* Under founding-era law, the right to privacy of identity ended in specific cases of “abuse.” When an author appeared to be guilty of one or more specific offenses, a prosecutor or other plaintiff could require the printer to disclose the name. These offenses included, but were not limited to, defamation, sedition, and treason. In the absence of such an offense, the author’s name was private and none of the government’s business.

A 1782 incident demonstrates the prevailing consensus:

An author had placed an article in a Philadelphia newspaper criticizing state government. Hearing that the editor had revealed the name of the critic to the governor (then William Moore), another writer accused the editor of “treachery.”

The editor felt compelled to respond. He explained that, although the governor had asked for the critic’s identity, the governor had asked for it only, “if you are at liberty to mention his name.”

In response to the governor’s request, the editor then asked the author whether the editor had permission to reveal his identity. The author responded, “You are at liberty to give my name to his excellency.” Only then did the editor disclose it.

This story shows how zealously author privacy was guarded during the Founding Era. Everyone assumed that freedom of the press incorporated a presumption of non-disclosure, even if the author had not asked to be kept anonymous. Editors and printers, as well as government officials, were subject to this norm.

Reading the historical record left me with the conviction that the Founders would have found mandatory disclosure of contributors to political advertising an outrageous violation of privacy — and certainly inconsistent with freedom of the press.

Protecting People Against "Gun Control"

Protecting People Against "Gun Control"

RGN Montpelier '07My recent address in Grand Junction on the Colorado gun control laws has received widespread notice. This is particularly so of the part pointing out that the same arguments used by the legislative majority for gun control could be used to restrict other constitutional rights, such as free speech and sexual choice.

I’ve reproduced the entire text below:

Rob Natelson Address to Pro Second Amendment Committee
March 23, 2013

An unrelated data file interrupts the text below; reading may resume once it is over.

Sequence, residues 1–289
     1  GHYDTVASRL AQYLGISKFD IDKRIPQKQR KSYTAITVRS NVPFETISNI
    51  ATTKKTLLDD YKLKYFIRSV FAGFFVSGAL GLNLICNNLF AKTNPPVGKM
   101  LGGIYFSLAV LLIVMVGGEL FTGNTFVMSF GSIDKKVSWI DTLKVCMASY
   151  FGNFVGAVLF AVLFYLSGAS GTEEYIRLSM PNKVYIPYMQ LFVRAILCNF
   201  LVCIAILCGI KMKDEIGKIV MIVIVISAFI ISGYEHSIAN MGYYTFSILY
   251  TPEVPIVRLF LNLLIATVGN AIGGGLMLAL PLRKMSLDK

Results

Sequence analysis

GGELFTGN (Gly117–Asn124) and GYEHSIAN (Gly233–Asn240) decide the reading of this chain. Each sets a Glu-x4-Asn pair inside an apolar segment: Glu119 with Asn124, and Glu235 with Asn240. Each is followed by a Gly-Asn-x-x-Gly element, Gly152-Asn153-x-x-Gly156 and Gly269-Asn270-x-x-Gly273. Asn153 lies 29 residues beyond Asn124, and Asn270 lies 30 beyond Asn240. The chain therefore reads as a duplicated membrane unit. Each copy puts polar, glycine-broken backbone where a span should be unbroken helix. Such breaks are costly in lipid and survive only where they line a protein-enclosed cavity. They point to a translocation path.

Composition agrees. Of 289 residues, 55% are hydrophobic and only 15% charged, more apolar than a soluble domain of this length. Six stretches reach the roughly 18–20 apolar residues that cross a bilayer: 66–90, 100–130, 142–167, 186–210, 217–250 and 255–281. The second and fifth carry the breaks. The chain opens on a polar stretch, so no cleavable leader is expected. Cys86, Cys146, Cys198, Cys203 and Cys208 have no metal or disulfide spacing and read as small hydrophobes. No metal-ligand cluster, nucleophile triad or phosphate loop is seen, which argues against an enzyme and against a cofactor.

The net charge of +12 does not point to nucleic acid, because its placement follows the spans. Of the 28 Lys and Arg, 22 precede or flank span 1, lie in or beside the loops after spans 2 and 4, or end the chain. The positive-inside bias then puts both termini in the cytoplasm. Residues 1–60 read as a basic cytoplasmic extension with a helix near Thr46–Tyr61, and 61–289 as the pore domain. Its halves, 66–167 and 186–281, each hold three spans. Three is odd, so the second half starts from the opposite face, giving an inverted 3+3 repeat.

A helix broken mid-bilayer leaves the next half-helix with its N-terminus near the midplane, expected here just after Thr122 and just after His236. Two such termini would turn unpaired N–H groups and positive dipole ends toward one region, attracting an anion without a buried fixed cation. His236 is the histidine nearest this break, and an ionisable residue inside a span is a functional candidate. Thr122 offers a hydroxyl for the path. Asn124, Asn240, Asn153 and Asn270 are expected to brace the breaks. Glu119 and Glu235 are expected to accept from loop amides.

My talk tonight will address three different, but related, topics.

First, I’ll speak about the right to keep and bear arms as that right is enshrined in both the United States and Colorado Constitutions. I will be speaking about what those rights actually mean as the constitution-writers understood them, not as the courts have distorted them. I’ll discuss why those rights are there, what their scope is, and what it means to infringe them.

Second, I’m going to speak about the politicians in the Colorado legislature who voted for bills designed to control and harass Colorado gun owners. I’ll say something about the convoluted thinking of those politicians, and what I think really motivates them.

Finally, I will suggest a way citizens can respond to what those politicians have done.

* * * *

The Second Amendment of the United States Constitution states that:

“A well-regulated militia being necessary for the security of a free state, the right of the people to keep and bear arms shall not be infringed.”

What does this amendment really mean?

In recent years, people offering answers to that question have often focused on the militia part of  the Second Amendment: “A well-regulated militia being necessary for the security of a free state. . .”

But in my view, that’s the wrong place to begin. The militia phrase is what lawyers call a “preamble”—a non-binding explanation of intent. It is not the effective, or operative, part of the amendment. In other words, it is only a guide to interpretation, not the actual law. The actual law is “the right of the people to keep and bear arms shall not be infringed.”

Notice two things about the phrase I just read.  First, it refers to “THE right of the people to keep and bear arms.” Like “the freedom of speech” and “the freedom of the press” in the First Amendment. The Founders were referring to a right already existing before the Constitution was ever adopted. In the Founders’ view, it was a natural right, given by God and not to be impaired by government. On the contrary, it was a right that government must guarantee.

Another thing this phrase—THE right to keep and bear arms—implies is that the Founders knew the scope of the right. In other words, they understood what it did and didn’t include. We can understand what it did and didn’t include by examining the history of the Founding. It has always bothered me that so many judges and constitutional writers merely speculate about what First and Second Amendment rights mean, rather than going to the historical records and finding out.

I’ll say more in a moment about what is and isn’t encompassed by the Second Amendment.

So—this phrase refers to “THE right to keep and bear arms.” It also says that this right “shall not be infringed.” What does that mean? On this subject, also, there’s no need to speculate. Because 18th century dictionaries tell us exactly what “infringe” meant.

In this context, the word “infringe” meant to reduce or impair in any way. In other words, government shall not reduce or impair in any way “THE right to keep and bear arms.” Today, political demagogues talk about imposing “common-sense” or “reasonable” restrictions on the right to keep and bear arms. But the Constitution, properly understood, is clear that there are NO permissible restrictions on the right, however much the politicians may think they are “common sense” or “reasonable.”

On the other hand, the Founding-Era record also tells us that not every use of every weapon is part of the right that cannot be infringed. So let’s look now at what the right does and doesn’t include.

History makes it clear that the Second Amendment is designed to serve four principal purposes.

First, it guarantees the states militia power of their own to balance the military power of the federal government;

Second, it promotes the God-given right of personal self defense;

Third, it enables the citizenry to repel foreign invasion; and

Fourth, it enables the citizenry to overthrow domestic tyrants and intimidate or discipline those who otherwise would be tyrants.